Near the dining table in the Buffalo’s one room, on the yellowest wall, I hung oil sketches on paper by my painter friend, paintings exchanged in our “letter drawings.” The sketches are colorful and about house (fragments of corners of rooms and belongings) – on the yellow wall they are jolly.

On different visits I thinned the paint with more white and stretched it up one wall of the stairway – and then, pale yellow by now, on a single wall of the bedroom. And, this week, after the Buffalo repair I used the same delicate yellow (leftovers) to paint inside the closet.

The shade of the yellow reminded me Emily Carr’s house on Government Street in Victoria, her birthplace. The graceful house from the 1890s is a museum now about Carr and her work. It has a resident black cat, flower gardens, musty belongings, and tea and cookies for visitors.

Painting that yellow reminded me to dip back into Carr’s journals, “Hundreds and Thousands: The Journals of an Artist.” Finding my old copy with crackly spine but classic painting by Carr of “Red Cedar” on the cover, I remembered why I loved it. Like Anne Truitt in her journals, Carr acknowledges the importance of writing down the “bits” – small things that often seem unimportant but describe our lives. “It was these tiny things that, collectively, taught me how to live…the little scraps and nothingnesses of my life have made a definite pattern.”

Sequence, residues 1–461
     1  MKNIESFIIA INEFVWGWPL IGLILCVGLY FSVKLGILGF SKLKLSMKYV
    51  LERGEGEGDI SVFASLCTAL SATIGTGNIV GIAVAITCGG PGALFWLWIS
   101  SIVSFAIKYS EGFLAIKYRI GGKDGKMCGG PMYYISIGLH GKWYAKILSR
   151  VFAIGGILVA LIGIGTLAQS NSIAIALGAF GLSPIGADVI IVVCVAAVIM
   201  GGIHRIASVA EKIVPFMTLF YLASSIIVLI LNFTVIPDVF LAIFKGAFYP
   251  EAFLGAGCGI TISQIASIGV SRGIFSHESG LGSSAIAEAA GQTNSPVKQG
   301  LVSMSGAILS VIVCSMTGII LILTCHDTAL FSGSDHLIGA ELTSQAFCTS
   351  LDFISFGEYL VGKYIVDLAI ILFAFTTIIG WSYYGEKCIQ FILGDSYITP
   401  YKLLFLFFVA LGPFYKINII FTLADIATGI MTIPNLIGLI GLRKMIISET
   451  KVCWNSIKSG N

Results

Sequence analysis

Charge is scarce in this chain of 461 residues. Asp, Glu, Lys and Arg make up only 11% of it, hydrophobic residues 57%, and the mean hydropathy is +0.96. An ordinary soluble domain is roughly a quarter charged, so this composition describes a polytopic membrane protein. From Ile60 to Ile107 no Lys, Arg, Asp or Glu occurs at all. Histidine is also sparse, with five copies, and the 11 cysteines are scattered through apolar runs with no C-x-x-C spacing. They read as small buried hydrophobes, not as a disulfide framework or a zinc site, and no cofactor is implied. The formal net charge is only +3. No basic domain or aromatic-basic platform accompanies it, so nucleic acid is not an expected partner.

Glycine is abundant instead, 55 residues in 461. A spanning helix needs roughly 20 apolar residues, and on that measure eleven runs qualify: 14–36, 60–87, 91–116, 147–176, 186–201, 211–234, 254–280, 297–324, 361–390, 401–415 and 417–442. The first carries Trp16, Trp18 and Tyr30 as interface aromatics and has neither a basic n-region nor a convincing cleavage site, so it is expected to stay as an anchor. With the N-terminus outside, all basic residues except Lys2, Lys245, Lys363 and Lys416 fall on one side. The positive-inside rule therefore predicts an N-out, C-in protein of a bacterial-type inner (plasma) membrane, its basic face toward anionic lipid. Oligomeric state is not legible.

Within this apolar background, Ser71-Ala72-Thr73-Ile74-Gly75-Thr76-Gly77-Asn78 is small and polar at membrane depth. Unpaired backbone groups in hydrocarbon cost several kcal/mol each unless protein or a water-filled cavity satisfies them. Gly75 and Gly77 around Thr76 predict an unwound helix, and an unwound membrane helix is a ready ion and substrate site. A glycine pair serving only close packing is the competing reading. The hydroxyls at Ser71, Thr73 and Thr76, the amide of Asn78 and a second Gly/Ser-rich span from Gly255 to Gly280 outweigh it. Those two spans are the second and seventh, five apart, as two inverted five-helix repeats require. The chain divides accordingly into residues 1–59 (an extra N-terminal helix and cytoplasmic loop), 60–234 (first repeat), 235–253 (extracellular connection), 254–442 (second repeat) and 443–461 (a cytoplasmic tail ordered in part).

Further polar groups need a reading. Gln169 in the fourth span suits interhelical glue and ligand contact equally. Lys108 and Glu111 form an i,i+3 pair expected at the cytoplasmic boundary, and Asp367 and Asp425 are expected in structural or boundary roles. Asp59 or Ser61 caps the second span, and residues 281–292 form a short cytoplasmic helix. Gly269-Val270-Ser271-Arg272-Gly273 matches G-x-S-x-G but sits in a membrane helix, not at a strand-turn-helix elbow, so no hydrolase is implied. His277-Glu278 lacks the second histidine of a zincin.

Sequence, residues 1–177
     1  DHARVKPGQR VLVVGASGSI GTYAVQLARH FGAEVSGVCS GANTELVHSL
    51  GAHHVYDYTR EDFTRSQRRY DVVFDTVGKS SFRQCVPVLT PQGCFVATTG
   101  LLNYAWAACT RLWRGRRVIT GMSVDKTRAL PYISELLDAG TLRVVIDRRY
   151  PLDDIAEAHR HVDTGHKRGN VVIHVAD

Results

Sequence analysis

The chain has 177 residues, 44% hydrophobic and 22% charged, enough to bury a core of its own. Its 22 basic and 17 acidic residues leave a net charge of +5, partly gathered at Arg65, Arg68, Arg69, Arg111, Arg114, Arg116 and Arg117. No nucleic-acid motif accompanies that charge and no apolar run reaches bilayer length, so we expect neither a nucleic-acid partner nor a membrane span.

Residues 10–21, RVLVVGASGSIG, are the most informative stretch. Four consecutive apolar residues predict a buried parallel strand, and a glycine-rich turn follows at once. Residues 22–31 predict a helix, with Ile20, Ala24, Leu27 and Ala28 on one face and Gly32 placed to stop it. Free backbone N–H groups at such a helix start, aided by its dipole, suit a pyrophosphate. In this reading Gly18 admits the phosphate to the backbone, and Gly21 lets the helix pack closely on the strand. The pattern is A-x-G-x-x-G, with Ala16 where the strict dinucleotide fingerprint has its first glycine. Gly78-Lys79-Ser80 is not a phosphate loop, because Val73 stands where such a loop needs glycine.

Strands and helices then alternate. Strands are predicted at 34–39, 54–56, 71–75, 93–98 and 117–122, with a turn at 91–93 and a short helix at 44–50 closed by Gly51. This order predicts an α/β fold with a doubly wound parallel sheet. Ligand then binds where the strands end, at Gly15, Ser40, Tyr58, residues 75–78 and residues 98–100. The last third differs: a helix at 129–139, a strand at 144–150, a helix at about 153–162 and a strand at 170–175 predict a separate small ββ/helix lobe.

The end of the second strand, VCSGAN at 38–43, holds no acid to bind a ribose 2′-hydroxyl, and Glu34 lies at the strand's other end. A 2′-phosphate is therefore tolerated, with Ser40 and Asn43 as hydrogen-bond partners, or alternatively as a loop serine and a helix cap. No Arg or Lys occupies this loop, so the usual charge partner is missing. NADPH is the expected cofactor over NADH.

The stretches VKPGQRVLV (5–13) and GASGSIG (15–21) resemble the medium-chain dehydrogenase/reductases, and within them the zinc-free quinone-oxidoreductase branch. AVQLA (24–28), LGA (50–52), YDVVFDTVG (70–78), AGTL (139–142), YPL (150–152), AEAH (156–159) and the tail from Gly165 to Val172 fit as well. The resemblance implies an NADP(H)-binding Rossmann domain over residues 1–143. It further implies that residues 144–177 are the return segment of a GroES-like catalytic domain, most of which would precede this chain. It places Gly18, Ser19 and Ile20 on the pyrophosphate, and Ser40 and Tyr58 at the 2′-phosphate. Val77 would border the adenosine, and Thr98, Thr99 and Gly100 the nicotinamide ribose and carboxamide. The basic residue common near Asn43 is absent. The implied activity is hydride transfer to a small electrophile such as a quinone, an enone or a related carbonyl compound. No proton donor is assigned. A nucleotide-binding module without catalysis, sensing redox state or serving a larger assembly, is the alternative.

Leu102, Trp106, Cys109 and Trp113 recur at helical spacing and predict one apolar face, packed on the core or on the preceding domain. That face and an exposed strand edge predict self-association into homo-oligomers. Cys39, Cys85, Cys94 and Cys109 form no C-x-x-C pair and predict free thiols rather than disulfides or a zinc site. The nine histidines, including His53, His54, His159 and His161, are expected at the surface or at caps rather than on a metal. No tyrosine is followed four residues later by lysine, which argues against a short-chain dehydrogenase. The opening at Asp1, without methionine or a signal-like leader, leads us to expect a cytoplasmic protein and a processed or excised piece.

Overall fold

Part of what I enjoy about Emily Carr’s life, is her fondness for houses – and the way she writes about them. In 1946 she moved to a little cottage and describes setting things to rights after moving in: “Things are getting straightened out. Each corner suggests objects. Sometimes the objects object, but mostly, if the corner calls, the object responds. Furniture is so very alive. It knows who it wants to hobnob with. Sunshine has poured into the cottage all day and has gladdened everything. I am beginning to love the cottage. It’s homey.”

Carr admits to caring for “creature comforts” (asking herself if perhaps too much), and she will keep me company while I put the Buffalo back together. Wash the bedding (in a plastic bag since August), air out blankets, and polish it up for coming visitors.